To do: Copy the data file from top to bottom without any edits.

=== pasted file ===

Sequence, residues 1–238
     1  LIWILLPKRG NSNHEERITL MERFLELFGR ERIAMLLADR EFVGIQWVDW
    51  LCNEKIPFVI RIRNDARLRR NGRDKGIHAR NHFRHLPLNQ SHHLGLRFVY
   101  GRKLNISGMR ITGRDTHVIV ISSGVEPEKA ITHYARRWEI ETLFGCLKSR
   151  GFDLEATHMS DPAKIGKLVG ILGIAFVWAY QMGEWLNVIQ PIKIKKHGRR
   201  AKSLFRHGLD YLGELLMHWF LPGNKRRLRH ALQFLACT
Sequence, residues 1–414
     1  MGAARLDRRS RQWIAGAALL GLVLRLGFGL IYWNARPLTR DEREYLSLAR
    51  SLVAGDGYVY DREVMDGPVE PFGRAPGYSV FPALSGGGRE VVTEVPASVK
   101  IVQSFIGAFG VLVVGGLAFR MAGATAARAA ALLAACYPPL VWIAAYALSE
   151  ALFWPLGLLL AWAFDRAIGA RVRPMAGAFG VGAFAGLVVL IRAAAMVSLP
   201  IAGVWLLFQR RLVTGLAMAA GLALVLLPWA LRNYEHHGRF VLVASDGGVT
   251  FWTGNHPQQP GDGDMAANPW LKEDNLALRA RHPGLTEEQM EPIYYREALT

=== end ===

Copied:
Sequence, residues 1–238
     1  LIWILLPKRG NSNHEERITL MERFLELFGR ERIAMLLADR EFVGIQWVDW
    51  LCNEKIPFVI RIRNDARLRR NGRDKGIHAR NHFRHLPLNQ SHHLGLRFVY
   101  GRKLNISGMR ITGRDTHVIV ISSGVEPEKA ITHYARRWEI ETLFGCLKSR
   151  GFDLEATHMS DPAKIGKLVG ILGIAFVWAY QMGEWLNVIQ PIKIKKHGRR
   201  AKSLFRHGLD YLGELLMHWF LPGNKRRLRH ALQFLACT
Sequence, residues 1–414
     1  MGAARLDRRS RQWIAGAALL GLVLRLGFGL IYWNARPLTR DEREYLSLAR
    51  SLVAGDGYVY DREVMDGPVE PFGRAPGYSV FPALSGGGRE VVTEVPASVK
   101  IVQSFIGAFG VLVVGGLAFR MAGATAARAA ALLAACYPPL VWIAAYALSE
   151  ALFWPLGLLL AWAFDRAIGA RVRPMAGAFG VGAFAGLVVL IRAAAMVSLP
   201  IAGVWLLFQR RLVTGLAMAA GLALVLLPWA LRNYEHHGRF VLVASDGGVT
   251  FWTGNHPQQP GDGDMAANPW LKEDNLALRA RHPGLTEEQM EPIYYREALT